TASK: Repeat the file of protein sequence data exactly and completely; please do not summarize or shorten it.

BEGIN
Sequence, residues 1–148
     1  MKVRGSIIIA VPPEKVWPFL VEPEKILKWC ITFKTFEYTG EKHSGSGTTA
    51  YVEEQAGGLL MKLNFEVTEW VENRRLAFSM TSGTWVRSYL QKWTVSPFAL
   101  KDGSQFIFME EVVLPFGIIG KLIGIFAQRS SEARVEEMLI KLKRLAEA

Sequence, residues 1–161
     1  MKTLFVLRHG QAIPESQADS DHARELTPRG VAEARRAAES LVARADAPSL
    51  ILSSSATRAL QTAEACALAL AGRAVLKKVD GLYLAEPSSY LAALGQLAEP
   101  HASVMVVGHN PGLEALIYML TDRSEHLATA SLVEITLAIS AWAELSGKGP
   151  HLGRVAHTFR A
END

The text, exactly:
Sequence, residues 1–148
     1  MKVRGSIIIA VPPEKVWPFL VEPEKILKWC ITFKTFEYTG EKHSGSGTTA
    51  YVEEQAGGLL MKLNFEVTEW VENRRLAFSM TSGTWVRSYL QKWTVSPFAL
   101  KDGSQFIFME EVVLPFGIIG KLIGIFAQRS SEARVEEMLI KLKRLAEA

Sequence, residues 1–161
     1  MKTLFVLRHG QAIPESQADS DHARELTPRG VAEARRAAES LVARADAPSL
    51  ILSSSATRAL QTAEACALAL AGRAVLKKVD GLYLAEPSSY LAALGQLAEP
   101  HASVMVVGHN PGLEALIYML TDRSEHLATA SLVEITLAIS AWAELSGKGP
   151  HLGRVAHTFR A